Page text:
In order to familiarize yourself with this framework you may want to run/read several small demos. Running them is not necessary for reproducing the results of the paper, but could be fun on its own. If you are more interested with the PVM itself, it is safe to skip to the next section. Otherwise go to PVM_models directory and run:

python demo00_run.py

A window full of flickering black and white pixels should appear. Depending on you machine speed the pixels will update randomly. Check your CPU usage with top or activity monitor. It should be high. Next run:

python demo01_run.py

This is a bit more interesting as this demo will simulate the Ising model at critical temperature. You may decide to look at it for a while, as interesting structures may emerge. [ESC] will quit.

Demos 2,3,4 require a camera or an input movie. These demos are more along the lines of what we will see with the full PVM simulation (however we provide the data files for PVM). Unless a movie is given through -f parameter the demos will try to open a camera.

python demo02_run.py -f my_movie_file.avi
python demo03_run.py -f my_movie_file.avi
python demo04_run.py -f my_movie_file.avi

where my_movie_file.avi is any movie file which you have to supply. Demo 2 is a tile of small predictive encoders trying to predict a movie frame based on the previous two frames. In Demo 3, an image is being predicted by a set of predictive encoders that look at different aspects of the input. One set of these "future encoders" digests two 8x8 frames to predict the next one, another set taking 8 4x4 frames to predict 4 subsequent frames and another set taking 32 2x2 frames to predict 16 subsequent frames. Additionally there is one unit that takes the whole image as 8x8 block whose internal representations are shared as context with all the other units. The system has feedback connections, those units with larger temporal buffers feed back to those with more spatial information. Also a cross-like neighbourhood of lateral projections is instantiated.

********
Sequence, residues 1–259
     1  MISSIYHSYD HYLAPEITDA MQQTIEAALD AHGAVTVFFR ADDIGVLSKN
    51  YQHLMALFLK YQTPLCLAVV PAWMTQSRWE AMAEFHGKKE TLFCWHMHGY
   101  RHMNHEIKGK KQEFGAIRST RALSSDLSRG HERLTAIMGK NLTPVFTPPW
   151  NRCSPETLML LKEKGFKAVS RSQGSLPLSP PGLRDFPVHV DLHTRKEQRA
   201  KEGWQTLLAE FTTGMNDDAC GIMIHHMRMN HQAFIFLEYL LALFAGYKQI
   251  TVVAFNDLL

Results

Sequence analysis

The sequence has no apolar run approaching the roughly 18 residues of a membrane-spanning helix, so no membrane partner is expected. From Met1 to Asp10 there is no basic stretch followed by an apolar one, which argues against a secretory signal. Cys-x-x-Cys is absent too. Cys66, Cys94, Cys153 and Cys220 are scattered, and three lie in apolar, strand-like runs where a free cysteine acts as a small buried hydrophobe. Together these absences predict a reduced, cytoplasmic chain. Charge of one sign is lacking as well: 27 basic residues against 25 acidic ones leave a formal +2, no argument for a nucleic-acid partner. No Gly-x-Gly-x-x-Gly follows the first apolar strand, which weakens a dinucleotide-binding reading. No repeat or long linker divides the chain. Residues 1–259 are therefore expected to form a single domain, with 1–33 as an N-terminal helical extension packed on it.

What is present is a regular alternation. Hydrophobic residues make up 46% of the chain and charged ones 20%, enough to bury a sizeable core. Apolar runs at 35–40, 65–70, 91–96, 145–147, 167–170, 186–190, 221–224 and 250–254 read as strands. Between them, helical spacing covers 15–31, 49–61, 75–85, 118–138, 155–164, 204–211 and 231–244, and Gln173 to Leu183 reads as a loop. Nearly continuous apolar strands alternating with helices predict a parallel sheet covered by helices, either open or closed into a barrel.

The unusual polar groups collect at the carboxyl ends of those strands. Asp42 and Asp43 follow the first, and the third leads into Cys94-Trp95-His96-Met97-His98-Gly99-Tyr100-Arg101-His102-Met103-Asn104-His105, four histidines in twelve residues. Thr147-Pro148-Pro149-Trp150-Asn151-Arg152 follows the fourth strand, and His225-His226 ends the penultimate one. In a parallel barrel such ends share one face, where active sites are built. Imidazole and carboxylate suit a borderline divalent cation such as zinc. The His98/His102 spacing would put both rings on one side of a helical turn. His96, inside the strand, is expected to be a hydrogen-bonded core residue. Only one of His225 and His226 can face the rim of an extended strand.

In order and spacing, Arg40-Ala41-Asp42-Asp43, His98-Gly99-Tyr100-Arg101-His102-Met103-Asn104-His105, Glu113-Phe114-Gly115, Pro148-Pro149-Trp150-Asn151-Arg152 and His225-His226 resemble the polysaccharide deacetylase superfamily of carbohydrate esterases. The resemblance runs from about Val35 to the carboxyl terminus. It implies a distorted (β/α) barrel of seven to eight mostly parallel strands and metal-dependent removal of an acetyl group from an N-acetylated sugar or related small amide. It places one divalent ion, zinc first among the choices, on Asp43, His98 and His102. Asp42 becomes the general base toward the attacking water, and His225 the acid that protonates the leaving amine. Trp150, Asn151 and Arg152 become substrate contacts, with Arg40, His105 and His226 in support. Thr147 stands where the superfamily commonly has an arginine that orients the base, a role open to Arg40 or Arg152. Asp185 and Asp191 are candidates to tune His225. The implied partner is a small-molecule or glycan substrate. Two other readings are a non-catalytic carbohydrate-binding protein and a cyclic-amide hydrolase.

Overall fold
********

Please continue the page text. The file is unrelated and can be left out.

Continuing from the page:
In Demo 4, a future/predictive encoder is instantiated that predicts a camera image based on two previous frames. Here, the encoder predicts the signal and its own error for that signal (i.e., an additional set of units tries to predict the magnitude of error between the prediction and the signal). In addition the hidden layer activations from the previous step of execution are used as as context input block. Second order error is calculated as the error of the error prediction. Also, the learning rate of the primary signal is modulated by the magnitude of the second order error.

The PVM model

The PVM is a larger project that to some extent resembles Demos 2-4, but is much more complex. It constructs a hierarchy of predictive encoders as described in the paper [Unsupervised Learning from Continuous Video in a Scalable Predictive Recurrent Network] (https://arxiv.org/abs/1607.06854). The model may be evaluated on online visual tracking task. The descriptions of meta-parameters of the models that can be simulated are available in PVM_models/model_zoo. Feel free to modify these settings, but be aware that simulating some of these models to convergence may take days if not weeks (at least until a GPU version is implemented, which is not yet the case). For your convenience several pre-trained models are available.

PVM data storage

In general all training data and models for PVM are stored in the ~/PVM_data directory. If you have amazon credentials and an S3 bucket then ~/PVM_data can be mirrored to that bucket. This is useful when running models on the Amazon Web Services EC2 (Elastic Compute Cloud) on a larger scale.

Running PVM